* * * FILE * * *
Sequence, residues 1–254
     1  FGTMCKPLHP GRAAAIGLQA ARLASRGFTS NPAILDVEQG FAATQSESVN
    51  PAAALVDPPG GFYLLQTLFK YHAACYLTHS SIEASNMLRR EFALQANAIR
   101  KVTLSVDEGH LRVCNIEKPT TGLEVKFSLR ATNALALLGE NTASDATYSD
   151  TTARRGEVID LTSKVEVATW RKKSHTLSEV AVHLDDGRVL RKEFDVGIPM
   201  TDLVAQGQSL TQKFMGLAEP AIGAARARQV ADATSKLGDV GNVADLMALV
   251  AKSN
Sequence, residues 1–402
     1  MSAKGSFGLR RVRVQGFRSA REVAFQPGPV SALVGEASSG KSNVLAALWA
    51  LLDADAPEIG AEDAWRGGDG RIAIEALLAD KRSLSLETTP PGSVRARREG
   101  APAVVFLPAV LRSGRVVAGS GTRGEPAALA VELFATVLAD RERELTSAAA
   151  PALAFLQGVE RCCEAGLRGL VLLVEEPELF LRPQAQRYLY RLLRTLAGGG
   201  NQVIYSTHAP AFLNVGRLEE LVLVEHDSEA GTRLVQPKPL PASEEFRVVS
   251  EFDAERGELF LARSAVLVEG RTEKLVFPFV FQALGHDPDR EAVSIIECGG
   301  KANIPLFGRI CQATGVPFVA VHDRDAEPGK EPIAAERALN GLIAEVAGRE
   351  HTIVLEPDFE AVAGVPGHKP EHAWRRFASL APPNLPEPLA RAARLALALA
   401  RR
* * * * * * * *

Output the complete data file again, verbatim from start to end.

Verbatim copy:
Sequence, residues 1–254
     1  FGTMCKPLHP GRAAAIGLQA ARLASRGFTS NPAILDVEQG FAATQSESVN
    51  PAAALVDPPG GFYLLQTLFK YHAACYLTHS SIEASNMLRR EFALQANAIR
   101  KVTLSVDEGH LRVCNIEKPT TGLEVKFSLR ATNALALLGE NTASDATYSD
   151  TTARRGEVID LTSKVEVATW RKKSHTLSEV AVHLDDGRVL RKEFDVGIPM
   201  TDLVAQGQSL TQKFMGLAEP AIGAARARQV ADATSKLGDV GNVADLMALV
   251  AKSN
Sequence, residues 1–402
     1  MSAKGSFGLR RVRVQGFRSA REVAFQPGPV SALVGEASSG KSNVLAALWA
    51  LLDADAPEIG AEDAWRGGDG RIAIEALLAD KRSLSLETTP PGSVRARREG
   101  APAVVFLPAV LRSGRVVAGS GTRGEPAALA VELFATVLAD RERELTSAAA
   151  PALAFLQGVE RCCEAGLRGL VLLVEEPELF LRPQAQRYLY RLLRTLAGGG
   201  NQVIYSTHAP AFLNVGRLEE LVLVEHDSEA GTRLVQPKPL PASEEFRVVS
   251  EFDAERGELF LARSAVLVEG RTEKLVFPFV FQALGHDPDR EAVSIIECGG
   301  KANIPLFGRI CQATGVPFVA VHDRDAEPGK EPIAAERALN GLIAEVAGRE
   351  HTIVLEPDFE AVAGVPGHKP EHAWRRFASL APPNLPEPLA RAARLALALA
   401  RR